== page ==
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Kalabagh Dam

Kalabagh Dam

The Kalabagh dam is a mega water reservoir that the Government of Pakistan is planning to develop across the Indus River, one of the world's largest rivers. The proposed site for the dam is situated at Kalabagh in Mianwali District of the north-west Punjab province, bordering the North-West Frontier Province.

The dam project is highly controversial and has been since its inception. In December 2005, General Pervez Musharraf, President of Pakistan, announced that he would definitely build the dam in the larger interest of Pakistan. In May 26, 2008, Federal Minister for Water and Power of Pakistan. Raja Pervez Ashraf. has said that Kalabagh Dam will not be constructed. He said due to opposition from NWFP, Sindh and other stakeholders, the project is no more feasible.

Kalabagh Dam Key Facts

Name Kalabagh
Dam type Earthfill
Height (above riverbed) 79 m
Length 3,3352 m
Area at retention level
Catchment area
Gross storage capacity
Live storage capacity
Dead storage
Retention level amsl
Main spillway capacity
Design flood discharge
Hydropower generation 3.6 GW
Maximum discharge (in 1929)
Total volume of dam


The region of Kalabagh was once an autonomous jagir (feudal estate) within Punjab. It was annexed by the Sikhs in 1822. After the British annexed the Punjab, the Nawab of Kalabagh was granted the jagir of Kalabagh, in recognition of his services to the British Raj.

According to the PC-II of the Project, Kala Bagh dam was initiated by GOP in 1953, and until 1973, the project was basically considered as a storage project for meeting the irrigation needs, and consequently, rapid increases in the cost of energy have greatly enhanced the priority of the dam as a power project. Because of the critical shortage of energy, some people are of the opinion that building Kalabagh dam is inevitable

The project's paperwork was finalised in March, 1984, with the assistance of the United Nations Development Programme; supervised by the World Bank, for the client Water and Power Development Authority (WAPDA) of Pakistan.


The proposed construction of the Kalabagh Dam triggered an extremely bitter controversy among the four provinces of Pakistan, namely Punjab, Sindh, North-West Frontier Province, and Balochistan. The only province which is in favour of this dam is Punjab, which is the strongest among all four provinces, as usually the government is mainly centralised in it. The other three provinces have expressed extreme dissatisfaction, going so far as to have their provincial assemblies pass unanimous resolutions condemning the proposed dam. Hence, the project is still under consideration.

The delay is also being caused by the fact that according to international water distribution law, the tailender has a legal and natural right on river and that is why no mega construction or reservoir can be built without permission and endorsement of the tailender i.e. Sindh. In the case where the tailender is not using water i.e. building a water reservoir, a reservoir can be made upstream.

Impact assessments of the proposed dam have shown that while it will provide storage and electricity, the dam will also have adverse impacts on the environment, as can be expected from any large dam. It will also displace a large number of people. While proponents point to the benefits, the adverse factors have been played up by the opponents of the dam. As a result, the dam has been stalled by claims and counterclaims since 1984.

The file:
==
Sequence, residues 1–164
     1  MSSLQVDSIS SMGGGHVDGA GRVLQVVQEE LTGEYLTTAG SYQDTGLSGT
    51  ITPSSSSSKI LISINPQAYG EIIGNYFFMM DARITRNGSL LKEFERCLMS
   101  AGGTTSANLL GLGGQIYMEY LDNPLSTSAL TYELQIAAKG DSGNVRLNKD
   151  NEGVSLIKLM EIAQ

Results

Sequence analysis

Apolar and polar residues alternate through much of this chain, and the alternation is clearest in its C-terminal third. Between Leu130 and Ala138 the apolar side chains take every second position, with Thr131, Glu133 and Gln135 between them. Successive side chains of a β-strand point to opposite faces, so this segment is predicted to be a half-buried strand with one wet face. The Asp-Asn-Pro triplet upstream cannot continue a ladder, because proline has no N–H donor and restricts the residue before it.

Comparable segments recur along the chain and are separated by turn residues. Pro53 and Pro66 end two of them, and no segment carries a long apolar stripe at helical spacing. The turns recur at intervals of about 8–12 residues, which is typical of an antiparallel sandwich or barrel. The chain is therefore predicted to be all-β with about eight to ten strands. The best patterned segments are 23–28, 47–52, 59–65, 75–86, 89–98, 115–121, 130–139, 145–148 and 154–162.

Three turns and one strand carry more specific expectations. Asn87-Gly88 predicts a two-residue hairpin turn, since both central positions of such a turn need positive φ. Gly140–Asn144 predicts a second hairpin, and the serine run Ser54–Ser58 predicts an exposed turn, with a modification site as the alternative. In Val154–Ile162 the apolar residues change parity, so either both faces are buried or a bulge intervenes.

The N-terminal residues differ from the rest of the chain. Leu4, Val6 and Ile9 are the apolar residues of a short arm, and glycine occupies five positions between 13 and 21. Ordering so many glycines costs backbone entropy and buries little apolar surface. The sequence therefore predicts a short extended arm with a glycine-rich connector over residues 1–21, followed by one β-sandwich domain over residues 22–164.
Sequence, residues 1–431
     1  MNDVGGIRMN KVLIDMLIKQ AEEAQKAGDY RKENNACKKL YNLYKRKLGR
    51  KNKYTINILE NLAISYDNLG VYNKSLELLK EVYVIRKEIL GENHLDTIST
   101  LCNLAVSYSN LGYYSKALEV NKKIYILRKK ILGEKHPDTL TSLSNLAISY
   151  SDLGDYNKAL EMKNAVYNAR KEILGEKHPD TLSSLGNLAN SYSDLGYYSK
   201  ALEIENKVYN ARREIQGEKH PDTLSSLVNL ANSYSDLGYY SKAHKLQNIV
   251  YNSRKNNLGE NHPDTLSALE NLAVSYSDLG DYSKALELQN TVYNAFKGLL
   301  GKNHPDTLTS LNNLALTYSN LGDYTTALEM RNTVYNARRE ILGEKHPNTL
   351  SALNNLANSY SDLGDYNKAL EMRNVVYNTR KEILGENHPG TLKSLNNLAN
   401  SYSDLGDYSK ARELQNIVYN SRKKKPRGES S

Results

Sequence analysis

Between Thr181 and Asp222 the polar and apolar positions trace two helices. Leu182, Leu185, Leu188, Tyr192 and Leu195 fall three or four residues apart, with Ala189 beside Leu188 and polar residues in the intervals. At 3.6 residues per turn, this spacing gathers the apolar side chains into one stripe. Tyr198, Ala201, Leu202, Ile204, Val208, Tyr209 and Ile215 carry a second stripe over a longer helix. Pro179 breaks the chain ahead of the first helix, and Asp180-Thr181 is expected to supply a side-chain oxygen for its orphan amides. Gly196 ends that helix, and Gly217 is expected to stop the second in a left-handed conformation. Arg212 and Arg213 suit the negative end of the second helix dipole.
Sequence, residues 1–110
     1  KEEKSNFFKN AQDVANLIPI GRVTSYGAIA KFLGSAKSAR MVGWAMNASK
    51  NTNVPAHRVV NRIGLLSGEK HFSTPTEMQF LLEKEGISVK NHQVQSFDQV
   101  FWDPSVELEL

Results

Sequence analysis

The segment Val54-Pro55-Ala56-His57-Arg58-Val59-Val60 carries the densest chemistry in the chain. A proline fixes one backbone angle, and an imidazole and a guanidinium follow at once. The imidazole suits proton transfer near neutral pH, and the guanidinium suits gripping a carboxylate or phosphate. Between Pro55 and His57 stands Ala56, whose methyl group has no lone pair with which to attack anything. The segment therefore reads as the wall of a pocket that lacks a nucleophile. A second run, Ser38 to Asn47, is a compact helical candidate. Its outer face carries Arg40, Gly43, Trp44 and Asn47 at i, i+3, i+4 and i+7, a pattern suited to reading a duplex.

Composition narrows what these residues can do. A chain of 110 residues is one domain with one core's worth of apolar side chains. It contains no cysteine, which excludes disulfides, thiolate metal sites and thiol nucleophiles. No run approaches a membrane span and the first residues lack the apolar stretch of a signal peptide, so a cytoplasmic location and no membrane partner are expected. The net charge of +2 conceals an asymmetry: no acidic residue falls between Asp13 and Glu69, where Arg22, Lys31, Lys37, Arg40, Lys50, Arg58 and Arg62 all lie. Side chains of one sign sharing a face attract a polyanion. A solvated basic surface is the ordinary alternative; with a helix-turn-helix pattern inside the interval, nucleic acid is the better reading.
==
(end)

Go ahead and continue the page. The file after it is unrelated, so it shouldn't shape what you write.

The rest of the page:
The controversy can be best understood by looking at the viewpoints of each of the 4 provinces.

Punjab viewpoint

Punjab — desperately needs more water to keep up with the growing population and industrial demands on its agriculture. A dam at Kalabagh would also supply cheap hydro-electric power to the whole country.

The annual outflow of water into the Arabian Sea is considered a "waste" in Punjab, which feels that water can be used to irrigate infertile lands.

Punjab wants not just Kalabagh, but also two more large dams on the Indus, at Bhasha and Skardu/Katzarah. It feels that the Kalabagh site is the most favourable, compared to the other two, and that it should be built first. Bahalwalpur and Bahawalnagar will get most of the water stored in Kalabagh Dam.

On the other hands, Punjab has been severely hit by Kalabagh Dam being not built. In the early 1960s, Pakistan had agreed to a deal with India over the royality of rivers. That had given royality of two rivers Satluj and Biyas to India. Since than, the river Ravi, Satluj and Biyas are only used as flood release rivers by India. Pakistan government was allowed and funded to built this dam only because they had agreed such deal with India. Now Pakistan hasn't built the dam and has also barrened a large area of Punjab province by taking out three rivers.

Punjab's view is also based on the fact that a dam of above 3GW production can finish all the energy crisis of Pakistan. Overall, it will help Pakistan to grow further as electricity produced by water is cheapest compared to all other resources.

Punjab has also agreed not to claim any royality on generation of resources from Kalabagh dam, yet they are not trusted by other provinces. Unfortunately for all Pakistan, a technical issue is handled politically.

Sindh viewpoint

Sindh, the first province to point KBD project a blame game, is the lower riparian and strongest opponent of KBD. But its case mainly against Punjab is more on a conceptual basis of what Sindh thought to be "theft of water by Punjab" rather than locating an actual incident of theft. Sindh supports its argument by stating that by virtue of its name and history of water rights of the province, Indus River belongs exclusively to Sindh. Therefore, claiming the construction of dams, Tarbela and Mangla and now KBD actions of theft of water at the irrigation cost of Sindh. Further, Sindh presents many objections against the proposed dam, some of these objections are as follows: